Unilever has announced plans to sell its margarine business, including Flora and Stork.
Unilever, which owns some of the UK’s most famous household brands, has announced plans to sell its margarine business, including Flora and Stork.
The move comes as part of a wide-ranging review at the Anglo-Dutch firm, which recently saw off a takeover bid from US food giant Kraft Heinz.
Analysts have said the sell-off could fetch $6bn (£4.8bn).
Unilever also intends to look at changing its historic status as a dual-listed company in two countries.
“We always have worked our operational model and driven efficiency,” Unilever’s chief executive, Paul Polman, told the BBC’s Today programme.
He said Unilever would not change its long-term business model, which he described as one of “sustainable value-creation”.
Drive ‘further value’
Alluding to the failed takeover bid, Mr Polman added that “the events of the last few weeks have pointed out that we have opportunities to drive further value in the business”.
Mr Polman said the firm would step up its cost-cutting, aiming for a 20% margin by 2020.
He said the margarine business was a “declining segment” that could be “better managed by others”.
Mr Polman said Unilever was studying whether to change its status and was looking at the wider “legal structure” of having bases in both the UK and the Netherlands. It will decide by the end of the year.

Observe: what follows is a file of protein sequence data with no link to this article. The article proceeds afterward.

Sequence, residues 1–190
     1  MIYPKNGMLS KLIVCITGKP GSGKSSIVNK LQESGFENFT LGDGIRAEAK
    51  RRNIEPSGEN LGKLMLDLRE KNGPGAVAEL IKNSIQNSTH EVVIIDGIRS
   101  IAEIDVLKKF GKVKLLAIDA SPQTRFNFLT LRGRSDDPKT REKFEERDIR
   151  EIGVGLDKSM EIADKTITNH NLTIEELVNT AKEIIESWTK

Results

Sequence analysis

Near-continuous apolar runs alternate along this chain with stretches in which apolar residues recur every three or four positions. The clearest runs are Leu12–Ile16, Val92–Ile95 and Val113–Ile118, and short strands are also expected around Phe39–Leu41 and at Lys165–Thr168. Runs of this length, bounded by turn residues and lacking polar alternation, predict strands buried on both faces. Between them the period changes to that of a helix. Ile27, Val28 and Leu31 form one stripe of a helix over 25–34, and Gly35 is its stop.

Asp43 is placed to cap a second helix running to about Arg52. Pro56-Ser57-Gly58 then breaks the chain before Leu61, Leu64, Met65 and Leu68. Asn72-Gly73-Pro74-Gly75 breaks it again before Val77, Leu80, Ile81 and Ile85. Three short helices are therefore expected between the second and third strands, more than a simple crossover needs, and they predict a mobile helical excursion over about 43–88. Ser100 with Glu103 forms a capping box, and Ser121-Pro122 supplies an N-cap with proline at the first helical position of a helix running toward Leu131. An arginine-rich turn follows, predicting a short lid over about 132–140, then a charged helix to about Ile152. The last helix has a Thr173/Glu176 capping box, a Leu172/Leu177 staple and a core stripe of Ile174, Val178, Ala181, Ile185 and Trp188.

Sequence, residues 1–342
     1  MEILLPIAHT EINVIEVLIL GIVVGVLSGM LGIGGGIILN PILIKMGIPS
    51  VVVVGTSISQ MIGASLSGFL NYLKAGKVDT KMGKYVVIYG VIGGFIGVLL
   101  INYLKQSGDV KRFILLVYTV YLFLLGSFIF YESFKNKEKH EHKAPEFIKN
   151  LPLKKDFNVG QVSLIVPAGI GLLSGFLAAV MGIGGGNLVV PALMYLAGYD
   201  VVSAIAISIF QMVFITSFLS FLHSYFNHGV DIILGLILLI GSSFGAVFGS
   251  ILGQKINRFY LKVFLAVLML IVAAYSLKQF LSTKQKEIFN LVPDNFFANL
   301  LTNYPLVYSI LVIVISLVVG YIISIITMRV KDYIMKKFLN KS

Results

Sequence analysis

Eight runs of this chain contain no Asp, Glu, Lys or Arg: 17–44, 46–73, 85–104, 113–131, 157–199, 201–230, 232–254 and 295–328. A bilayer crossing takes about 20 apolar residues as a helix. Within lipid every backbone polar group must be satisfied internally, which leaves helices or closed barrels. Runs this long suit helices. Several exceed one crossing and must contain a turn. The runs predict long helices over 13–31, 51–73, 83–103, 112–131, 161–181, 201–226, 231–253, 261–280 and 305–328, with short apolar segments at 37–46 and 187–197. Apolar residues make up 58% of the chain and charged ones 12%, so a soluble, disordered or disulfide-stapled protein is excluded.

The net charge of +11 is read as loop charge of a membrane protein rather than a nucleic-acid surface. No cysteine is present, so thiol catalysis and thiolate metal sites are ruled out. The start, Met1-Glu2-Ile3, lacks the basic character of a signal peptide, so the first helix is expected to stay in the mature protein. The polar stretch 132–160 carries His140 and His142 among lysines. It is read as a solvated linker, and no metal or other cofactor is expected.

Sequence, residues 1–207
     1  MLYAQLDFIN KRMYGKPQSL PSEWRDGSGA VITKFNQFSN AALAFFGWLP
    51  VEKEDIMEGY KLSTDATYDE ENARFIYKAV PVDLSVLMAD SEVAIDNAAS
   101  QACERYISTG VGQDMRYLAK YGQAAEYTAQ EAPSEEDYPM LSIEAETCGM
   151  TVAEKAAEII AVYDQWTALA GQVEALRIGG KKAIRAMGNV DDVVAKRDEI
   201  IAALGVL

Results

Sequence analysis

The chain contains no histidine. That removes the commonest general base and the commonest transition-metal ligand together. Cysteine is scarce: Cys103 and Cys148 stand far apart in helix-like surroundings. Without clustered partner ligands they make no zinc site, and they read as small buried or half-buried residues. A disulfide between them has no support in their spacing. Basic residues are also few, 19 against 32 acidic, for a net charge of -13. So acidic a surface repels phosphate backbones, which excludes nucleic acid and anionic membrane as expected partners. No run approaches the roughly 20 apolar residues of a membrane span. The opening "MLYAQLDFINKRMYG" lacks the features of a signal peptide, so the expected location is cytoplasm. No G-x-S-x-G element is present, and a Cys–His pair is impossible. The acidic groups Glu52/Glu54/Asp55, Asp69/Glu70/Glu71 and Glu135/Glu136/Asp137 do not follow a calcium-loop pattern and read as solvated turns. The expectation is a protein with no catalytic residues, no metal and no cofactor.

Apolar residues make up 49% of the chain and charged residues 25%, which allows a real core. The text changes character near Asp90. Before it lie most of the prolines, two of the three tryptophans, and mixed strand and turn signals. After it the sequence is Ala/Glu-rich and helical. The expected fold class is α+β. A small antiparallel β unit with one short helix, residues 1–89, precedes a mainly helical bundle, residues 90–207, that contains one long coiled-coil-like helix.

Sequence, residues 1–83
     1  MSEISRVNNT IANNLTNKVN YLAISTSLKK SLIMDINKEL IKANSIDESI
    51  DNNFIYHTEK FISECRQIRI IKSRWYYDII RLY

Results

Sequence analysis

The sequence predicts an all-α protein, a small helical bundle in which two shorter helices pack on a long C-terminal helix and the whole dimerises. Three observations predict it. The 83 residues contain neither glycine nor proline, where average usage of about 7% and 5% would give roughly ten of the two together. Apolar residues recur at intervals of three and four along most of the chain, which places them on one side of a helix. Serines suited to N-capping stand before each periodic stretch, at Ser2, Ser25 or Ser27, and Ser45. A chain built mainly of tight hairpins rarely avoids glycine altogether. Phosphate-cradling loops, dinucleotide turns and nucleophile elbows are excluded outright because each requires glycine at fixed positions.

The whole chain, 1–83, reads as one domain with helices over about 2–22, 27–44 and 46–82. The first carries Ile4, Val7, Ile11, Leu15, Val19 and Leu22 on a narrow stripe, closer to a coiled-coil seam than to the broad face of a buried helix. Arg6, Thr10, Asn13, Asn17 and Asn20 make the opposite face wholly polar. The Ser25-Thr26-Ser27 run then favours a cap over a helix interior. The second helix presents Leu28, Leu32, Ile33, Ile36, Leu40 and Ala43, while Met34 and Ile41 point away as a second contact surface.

“Obviously it’s a very complex thing, the dual structure, and it requires the right focus to come to the right conclusions, but it will certainly simplify our organisational structure,” he told the BBC.
The sale of Flora and Stork, two staples of the British kitchen, had been flagged up in advance, and was a predictable response to the takeover approach from America’s Kraft Heinz three months ago.
The surprise package was Paul Polman’s decision to look at Unilever’s historic dual-listing structure, a quirk that has its roots in the company’s creation when Britain’s Lever Bros merged with the Dutch margarine maker Unie in the 1930s.
Dual-listed companies are rare, and shareholders generally don’t like them, not only because of the increased cost and complexity that comes with supporting two corporate structures, but also because they can be useful defences against takeover bids.
That Unilever plans to scrap the dual listing shows how much simmering shareholder unrest was precipitated by the Kraft approach.
Analysts say that changing consumer habits are partly behind Unilever’s move out of spreads.
“The planned separation of Unilever’s spreads business… is the result of the decline the division has seen in recent years, particularly in the US,” said George Salmon of stockbrokers Hargreaves Lansdown.
“The reality of 21st Century life is that people are more likely to grab breakfast ‘on the go’ rather than sit around the table with a few slices of toast.”